Author Topic: Paper On Crowd Funding Tax Implications (Oz)  (Read 2113 times)

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Offline EEVblog

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Offline MadModder

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Re: Paper On Crowd Funding Tax Implications (Oz)
« Reply #1 on: June 07, 2016, 01:50:49 am »
Over here, reward based crowdfunding income is treated as any other labour income revenue for sales of goods and services. Depending on how successful the campaign is, the taxes can be ridicuolusly high.
The other kinds I don't know about.

[edit]
not labour... doh
« Last Edit: June 07, 2016, 01:56:50 am by MadModder »
 

Offline snoopy

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Re: Paper On Crowd Funding Tax Implications (Oz)
« Reply #2 on: June 07, 2016, 03:11:53 pm »
What about the smaller perks to get your name on the hall of fame list, paraphernalia etc ? Aren't these pledges considered donations ? In fact aren't they all donations given that there is no obligation to supply the person with the purported product ? I think governments have got a cheek to tax start-ups like this :(

 

Offline EEVblog

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Re: Paper On Crowd Funding Tax Implications (Oz)
« Reply #3 on: June 07, 2016, 03:18:39 pm »
What about the smaller perks to get your name on the hall of fame list, paraphernalia etc ? Aren't these pledges considered donations ? In fact aren't they all donations given that there is no obligation to supply the person with the purported product ? I think governments have got a cheek to tax start-ups like this :(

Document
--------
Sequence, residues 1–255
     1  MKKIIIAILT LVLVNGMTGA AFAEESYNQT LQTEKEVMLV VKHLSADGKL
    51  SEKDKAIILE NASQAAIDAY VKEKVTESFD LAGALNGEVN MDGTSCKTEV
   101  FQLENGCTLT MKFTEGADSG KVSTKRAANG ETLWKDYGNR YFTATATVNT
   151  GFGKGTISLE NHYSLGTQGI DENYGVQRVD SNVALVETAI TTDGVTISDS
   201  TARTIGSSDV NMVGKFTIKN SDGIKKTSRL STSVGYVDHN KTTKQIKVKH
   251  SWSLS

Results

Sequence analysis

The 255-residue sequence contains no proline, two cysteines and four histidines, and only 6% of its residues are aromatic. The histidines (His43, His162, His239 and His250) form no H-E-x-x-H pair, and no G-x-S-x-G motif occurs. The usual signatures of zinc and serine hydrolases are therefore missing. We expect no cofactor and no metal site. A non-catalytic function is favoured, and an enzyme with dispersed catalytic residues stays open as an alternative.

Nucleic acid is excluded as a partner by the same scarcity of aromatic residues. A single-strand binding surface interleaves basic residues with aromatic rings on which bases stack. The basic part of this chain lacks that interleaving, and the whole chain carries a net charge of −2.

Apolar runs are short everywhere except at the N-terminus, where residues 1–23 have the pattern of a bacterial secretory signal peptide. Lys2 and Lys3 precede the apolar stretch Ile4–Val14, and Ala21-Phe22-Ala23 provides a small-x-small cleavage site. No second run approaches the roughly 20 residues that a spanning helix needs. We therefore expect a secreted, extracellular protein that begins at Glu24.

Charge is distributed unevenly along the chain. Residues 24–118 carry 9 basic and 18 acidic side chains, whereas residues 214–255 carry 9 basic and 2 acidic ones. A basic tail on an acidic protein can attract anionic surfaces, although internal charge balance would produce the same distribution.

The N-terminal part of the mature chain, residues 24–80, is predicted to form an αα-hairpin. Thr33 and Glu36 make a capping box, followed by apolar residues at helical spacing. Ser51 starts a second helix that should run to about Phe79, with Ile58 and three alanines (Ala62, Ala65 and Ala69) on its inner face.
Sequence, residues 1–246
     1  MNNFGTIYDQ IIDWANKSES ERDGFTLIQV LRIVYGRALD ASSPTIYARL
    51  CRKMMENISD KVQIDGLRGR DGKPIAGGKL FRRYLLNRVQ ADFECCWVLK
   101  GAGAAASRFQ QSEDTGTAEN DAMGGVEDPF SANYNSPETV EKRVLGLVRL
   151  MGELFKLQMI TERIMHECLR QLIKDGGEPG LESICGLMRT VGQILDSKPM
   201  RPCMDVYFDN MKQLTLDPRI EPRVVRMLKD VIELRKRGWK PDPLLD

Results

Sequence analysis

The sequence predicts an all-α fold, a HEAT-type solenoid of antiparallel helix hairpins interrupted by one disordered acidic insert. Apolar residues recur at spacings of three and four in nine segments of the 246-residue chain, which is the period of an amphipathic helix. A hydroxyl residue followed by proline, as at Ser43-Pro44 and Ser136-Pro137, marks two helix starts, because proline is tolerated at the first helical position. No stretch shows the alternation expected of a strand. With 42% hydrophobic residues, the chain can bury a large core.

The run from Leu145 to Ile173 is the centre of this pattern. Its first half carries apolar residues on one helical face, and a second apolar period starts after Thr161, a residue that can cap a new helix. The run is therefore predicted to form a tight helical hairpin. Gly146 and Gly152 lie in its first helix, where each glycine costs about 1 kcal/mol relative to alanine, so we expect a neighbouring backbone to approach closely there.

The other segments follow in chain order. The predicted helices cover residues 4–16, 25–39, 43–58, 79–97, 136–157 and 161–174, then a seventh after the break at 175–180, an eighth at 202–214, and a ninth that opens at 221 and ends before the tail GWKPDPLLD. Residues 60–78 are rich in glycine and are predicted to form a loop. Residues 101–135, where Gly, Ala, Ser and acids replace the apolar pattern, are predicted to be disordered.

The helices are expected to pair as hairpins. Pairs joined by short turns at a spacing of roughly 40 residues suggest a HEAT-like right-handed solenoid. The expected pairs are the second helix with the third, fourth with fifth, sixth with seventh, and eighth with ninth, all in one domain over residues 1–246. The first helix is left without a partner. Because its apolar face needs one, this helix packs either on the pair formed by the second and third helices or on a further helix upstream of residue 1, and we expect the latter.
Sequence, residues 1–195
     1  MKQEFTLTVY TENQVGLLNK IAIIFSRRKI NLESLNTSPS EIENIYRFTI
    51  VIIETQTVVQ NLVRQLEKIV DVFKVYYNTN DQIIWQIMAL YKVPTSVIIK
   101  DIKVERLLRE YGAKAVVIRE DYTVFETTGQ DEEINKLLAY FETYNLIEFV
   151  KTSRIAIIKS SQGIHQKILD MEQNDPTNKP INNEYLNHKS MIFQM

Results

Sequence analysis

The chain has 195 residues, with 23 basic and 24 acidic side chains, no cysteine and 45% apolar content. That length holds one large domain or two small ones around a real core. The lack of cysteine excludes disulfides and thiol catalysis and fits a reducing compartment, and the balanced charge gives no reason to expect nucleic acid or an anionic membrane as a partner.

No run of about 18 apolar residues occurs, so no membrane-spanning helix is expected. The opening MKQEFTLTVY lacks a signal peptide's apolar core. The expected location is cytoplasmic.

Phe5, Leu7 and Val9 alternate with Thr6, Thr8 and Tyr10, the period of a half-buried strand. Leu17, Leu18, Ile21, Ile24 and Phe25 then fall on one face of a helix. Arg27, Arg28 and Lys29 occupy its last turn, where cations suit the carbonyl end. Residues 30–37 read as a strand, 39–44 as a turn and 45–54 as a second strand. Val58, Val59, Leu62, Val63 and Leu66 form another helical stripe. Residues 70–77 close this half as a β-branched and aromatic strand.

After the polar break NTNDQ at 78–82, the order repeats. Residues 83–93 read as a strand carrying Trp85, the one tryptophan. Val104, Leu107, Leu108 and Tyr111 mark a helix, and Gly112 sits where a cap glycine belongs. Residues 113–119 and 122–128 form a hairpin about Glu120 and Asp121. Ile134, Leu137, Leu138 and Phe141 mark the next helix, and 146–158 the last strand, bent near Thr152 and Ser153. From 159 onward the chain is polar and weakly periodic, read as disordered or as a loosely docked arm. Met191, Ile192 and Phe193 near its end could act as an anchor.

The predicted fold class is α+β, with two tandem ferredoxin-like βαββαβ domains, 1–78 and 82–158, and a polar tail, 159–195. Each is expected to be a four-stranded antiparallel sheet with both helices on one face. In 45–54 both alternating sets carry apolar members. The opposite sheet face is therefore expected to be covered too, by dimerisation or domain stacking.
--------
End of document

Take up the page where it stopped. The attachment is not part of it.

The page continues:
If you wanted to then yes, those sorts of things can be classed as donations (and hence tax free). But they are usually very small parts of most  campaigns.
 

Offline EEVblog

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Re: Paper On Crowd Funding Tax Implications (Oz)
« Reply #4 on: June 07, 2016, 03:19:33 pm »
Over here, reward based crowdfunding income is treated as any other labour income revenue for sales of goods and services. Depending on how successful the campaign is, the taxes can be ridicuolusly high.

In Oz you only pay 30% company tax on your company profit at the end of the years (after wages and expenses)
 

Offline MadModder

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Re: Paper On Crowd Funding Tax Implications (Oz)
« Reply #5 on: June 08, 2016, 05:50:15 am »
I did some reading.
Income from selling services counts as labour income, and the taxes is calculated accordingly. Over €200000 one month and the tax is 57%...
Income over €5400 from selling goods at one single time is taxed 30%, and it is payed after sending in the income tax return papers, or whatever you call it, at the end of the year.
So that part is actually the same here. Our financial year is split in may, and the result is presented in august or september somewhere for companies.

It's hard to have a small company and do all the paperwork yourself, so an accountant is often used. Saves a lot of time. Luckily I have no company, so my paperwork is very simplified. I just log in to my account with the tax office mobile app and press a button to sign. :D
 

Offline EEVblog

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Re: Paper On Crowd Funding Tax Implications (Oz)
« Reply #6 on: June 08, 2016, 09:43:38 am »
It's hard to have a small company and do all the paperwork yourself, so an accountant is often used. Saves a lot of time. Luckily I have no company, so my paperwork is very simplified. I just log in to my account with the tax office mobile app and press a button to sign. :D

It used to be easy to do my own taxes when I was a sole trader. But now I'm a company it's like $3-4k per year for an accountant.
 


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